#2
In reply to #1

Re: Energy

02/26/2013 2:46 PM

I am having chicken curry now as I read your post.

honest.

weird.

Reply Off Topic (Score 5)
Guru
New Zealand - Member - Kiwi Popular Science - Weaponology - New Member Engineering Fields - Power Engineering - New Member Engineering Fields - Electrical Engineering - New Member

Join Date: Sep 2006
Location: Auckland, New Zealand
Posts: 6002
Good Answers: 245
#4
In reply to #2

Re: Energy

02/26/2013 4:14 PM

As I read THIS post I am thinking about having chicken curry tonight (I already have the chicken defrosting).

What a small world.

__________________
jack of all trades
Reply Off Topic (Score 5)
Anonymous Poster #1
#3

Re: Energy

02/26/2013 3:08 PM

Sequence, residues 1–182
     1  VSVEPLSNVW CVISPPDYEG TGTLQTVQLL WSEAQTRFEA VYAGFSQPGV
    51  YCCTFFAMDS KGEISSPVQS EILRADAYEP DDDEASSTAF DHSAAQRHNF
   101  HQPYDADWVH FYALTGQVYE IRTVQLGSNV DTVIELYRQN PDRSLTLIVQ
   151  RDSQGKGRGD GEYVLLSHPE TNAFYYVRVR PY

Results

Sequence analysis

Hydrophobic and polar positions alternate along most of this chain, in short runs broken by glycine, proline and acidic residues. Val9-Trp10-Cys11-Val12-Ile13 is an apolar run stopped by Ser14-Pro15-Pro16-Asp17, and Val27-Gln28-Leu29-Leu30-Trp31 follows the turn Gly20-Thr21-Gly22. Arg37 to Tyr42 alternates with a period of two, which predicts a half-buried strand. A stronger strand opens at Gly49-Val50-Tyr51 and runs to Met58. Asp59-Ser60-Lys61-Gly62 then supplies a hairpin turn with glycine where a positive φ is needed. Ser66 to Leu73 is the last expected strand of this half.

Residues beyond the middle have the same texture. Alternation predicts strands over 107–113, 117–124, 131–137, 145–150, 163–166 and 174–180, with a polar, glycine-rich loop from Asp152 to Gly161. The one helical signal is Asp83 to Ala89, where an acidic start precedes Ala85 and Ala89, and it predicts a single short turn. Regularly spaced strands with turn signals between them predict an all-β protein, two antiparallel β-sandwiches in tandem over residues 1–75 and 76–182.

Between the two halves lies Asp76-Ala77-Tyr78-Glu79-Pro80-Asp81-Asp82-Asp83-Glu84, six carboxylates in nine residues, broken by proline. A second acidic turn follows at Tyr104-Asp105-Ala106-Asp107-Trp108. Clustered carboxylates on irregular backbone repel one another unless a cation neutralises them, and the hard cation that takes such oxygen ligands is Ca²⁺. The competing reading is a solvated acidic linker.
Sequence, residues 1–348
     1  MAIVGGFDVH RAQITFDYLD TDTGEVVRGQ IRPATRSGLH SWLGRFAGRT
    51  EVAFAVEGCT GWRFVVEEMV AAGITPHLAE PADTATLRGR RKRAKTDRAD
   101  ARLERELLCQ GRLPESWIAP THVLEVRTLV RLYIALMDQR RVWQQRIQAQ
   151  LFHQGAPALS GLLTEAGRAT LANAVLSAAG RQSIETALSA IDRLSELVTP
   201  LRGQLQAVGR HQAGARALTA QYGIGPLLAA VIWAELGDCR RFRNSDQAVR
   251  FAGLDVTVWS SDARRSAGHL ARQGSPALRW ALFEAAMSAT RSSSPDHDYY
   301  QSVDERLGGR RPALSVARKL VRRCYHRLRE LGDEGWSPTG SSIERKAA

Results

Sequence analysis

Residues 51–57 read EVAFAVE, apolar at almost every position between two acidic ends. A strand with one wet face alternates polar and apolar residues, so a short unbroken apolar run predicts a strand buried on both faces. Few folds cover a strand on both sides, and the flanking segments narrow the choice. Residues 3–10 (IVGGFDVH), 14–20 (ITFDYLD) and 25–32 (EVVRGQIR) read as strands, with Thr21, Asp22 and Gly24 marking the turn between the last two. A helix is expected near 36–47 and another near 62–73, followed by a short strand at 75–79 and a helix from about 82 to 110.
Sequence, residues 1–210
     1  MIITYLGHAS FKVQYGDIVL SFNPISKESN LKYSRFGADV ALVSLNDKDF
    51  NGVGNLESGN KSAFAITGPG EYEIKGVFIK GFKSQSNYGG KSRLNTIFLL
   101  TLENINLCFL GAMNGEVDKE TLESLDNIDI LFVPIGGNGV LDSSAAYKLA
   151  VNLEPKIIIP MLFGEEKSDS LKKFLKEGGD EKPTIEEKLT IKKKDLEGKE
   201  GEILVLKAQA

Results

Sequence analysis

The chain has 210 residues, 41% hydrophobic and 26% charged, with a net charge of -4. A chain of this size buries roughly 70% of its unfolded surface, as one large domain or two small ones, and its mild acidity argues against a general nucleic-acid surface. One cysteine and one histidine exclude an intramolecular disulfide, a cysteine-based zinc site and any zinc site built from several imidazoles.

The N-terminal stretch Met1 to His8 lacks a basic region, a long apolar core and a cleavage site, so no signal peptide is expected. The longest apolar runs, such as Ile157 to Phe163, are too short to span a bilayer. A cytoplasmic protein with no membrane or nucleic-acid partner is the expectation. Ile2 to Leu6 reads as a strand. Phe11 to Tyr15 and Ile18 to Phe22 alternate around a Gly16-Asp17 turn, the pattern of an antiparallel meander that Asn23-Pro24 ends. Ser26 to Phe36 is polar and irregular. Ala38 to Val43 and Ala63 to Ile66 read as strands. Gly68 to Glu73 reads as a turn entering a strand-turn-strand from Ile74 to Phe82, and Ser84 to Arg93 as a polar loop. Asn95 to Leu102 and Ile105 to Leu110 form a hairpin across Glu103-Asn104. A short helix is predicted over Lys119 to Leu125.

Thank you. We are familiar with the kWh calculation. We did not know if there was anything special about the KWHS's the engineer referred to. At first we assumed this was a typo, but it was repeated in several places. Then we thought KWHS's stood for "kilo-watt hours per second". This would look like:

0.046 X 3600 (Seconds) = 165.600 kWh

165.600 kWh X $0.80 = $13.248 Energy cost per hour.

This appeared to make sense, but wanted to make sure.

If we understood your post:

Using our example, and according to your reply, the calculation would look like this:

0.046 (kWh) X 60 (Minutes) = 2.76 Kwh.

At $0.080 per kWh, this would equal $0.2208 energy cost per hour. This does not appear to be correct.

Did we misunderstand something?

Reply
Guru

Join Date: Jul 2005
Location: Stoke-on-Trent, UK
Posts: 2261
Good Answers: 56
#9
In reply to #3

Re: Energy

02/27/2013 5:12 AM

I agree with #5 it's a ridiculous unit, and if the engineer hadn't already gone, he should be got rid of!

Assuming he meant kWh per minute that's how it should be written (correct abbreviation for kWh, and units don't have plurals). That = 0.046 x 60 2.76 kWh per hour = 2.76 kW.